The holiday gaming extravaganza is still in full swing this week, and we’re seeing a lot of familiar faces. Marcus Fenix is back in Gears of War 2; Sgt. Nathan Hale returns to fight more chimera in Resistance 2; and yet another Naruto game is coming out this week: Ultimate Ninja 4. While these games are surefire hits with guaranteed sales, why does the industry keep putting them out? The ending of the original Gears of War made it obvious that Epic was making a trilogy and not a standalone title, but there are certainly other offenders. Trilogies are taking over our medium, and it’s pissing me off.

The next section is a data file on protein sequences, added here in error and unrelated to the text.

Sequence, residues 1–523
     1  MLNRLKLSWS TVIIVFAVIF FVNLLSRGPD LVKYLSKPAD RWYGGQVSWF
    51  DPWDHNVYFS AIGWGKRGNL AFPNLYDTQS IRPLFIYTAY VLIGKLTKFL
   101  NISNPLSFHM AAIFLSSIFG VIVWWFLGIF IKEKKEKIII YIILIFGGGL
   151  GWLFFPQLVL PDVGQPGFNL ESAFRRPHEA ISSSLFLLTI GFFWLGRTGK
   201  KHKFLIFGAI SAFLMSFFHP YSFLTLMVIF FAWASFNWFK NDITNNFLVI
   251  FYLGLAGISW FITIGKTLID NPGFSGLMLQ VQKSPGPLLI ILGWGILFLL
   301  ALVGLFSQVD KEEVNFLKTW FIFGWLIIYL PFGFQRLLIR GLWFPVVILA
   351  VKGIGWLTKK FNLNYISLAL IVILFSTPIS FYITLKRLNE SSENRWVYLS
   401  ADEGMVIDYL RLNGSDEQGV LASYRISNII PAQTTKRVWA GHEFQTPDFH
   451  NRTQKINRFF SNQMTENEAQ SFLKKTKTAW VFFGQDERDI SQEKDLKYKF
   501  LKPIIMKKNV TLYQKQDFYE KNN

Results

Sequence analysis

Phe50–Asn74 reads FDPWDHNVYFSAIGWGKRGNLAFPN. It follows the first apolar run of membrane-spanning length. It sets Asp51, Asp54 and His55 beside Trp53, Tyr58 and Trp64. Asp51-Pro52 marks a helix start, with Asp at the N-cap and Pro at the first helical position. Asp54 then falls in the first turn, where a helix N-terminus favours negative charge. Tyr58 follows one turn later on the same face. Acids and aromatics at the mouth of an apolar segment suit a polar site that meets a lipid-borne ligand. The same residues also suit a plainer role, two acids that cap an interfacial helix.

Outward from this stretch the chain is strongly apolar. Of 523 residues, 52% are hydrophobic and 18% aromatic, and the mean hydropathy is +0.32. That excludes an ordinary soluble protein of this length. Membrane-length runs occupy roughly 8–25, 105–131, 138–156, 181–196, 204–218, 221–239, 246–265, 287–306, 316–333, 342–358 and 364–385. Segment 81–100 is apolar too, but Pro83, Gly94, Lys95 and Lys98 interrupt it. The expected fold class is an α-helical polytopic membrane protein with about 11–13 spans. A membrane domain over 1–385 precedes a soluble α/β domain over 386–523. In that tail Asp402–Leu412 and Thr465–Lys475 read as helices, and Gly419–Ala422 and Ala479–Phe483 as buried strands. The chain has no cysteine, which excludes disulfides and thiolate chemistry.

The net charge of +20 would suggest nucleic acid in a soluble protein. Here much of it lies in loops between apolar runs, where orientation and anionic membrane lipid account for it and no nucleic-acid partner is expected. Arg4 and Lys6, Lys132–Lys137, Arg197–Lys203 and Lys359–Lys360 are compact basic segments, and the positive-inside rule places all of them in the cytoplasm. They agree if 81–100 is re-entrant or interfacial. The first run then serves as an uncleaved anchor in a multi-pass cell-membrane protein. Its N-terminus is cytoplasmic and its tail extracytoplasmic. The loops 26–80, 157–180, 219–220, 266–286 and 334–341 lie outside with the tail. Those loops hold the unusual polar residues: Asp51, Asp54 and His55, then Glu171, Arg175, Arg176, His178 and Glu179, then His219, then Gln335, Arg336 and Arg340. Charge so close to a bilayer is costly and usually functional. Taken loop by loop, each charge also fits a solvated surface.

I blame Peter Jackson. He had the brilliant idea of making a Lord of the Rings movie, but he didn’t want to cut anything out, so instead, he created three movies. This was a great idea from a creative standpoint; he could tell the entire story, but from a financial standpoint, it was even more brilliant. You’ve got the first movie, which nets some hype, and lots of people see it. When it comes out on DVD, they buy it, and show the friends who didn’t see it in theaters, and the friends now like it. When the second movie comes out, not only do you have the first fan’s ticket sale, but you also have the new fan’s ticket sale. It’s like a pyramid scheme, except the only people who get any money are the people who built the pyramid. This logic would dictate that each successive movie would make more revenue than the previous one. A quick check on Wikipedia confirms this: The Fellowship of the Ring made $871 million, The Two Towers made $926 million, and The Return of the King grossed a whopping $1.2 billion. Show those numbers to any exec, and what they see is that you can manufacture success.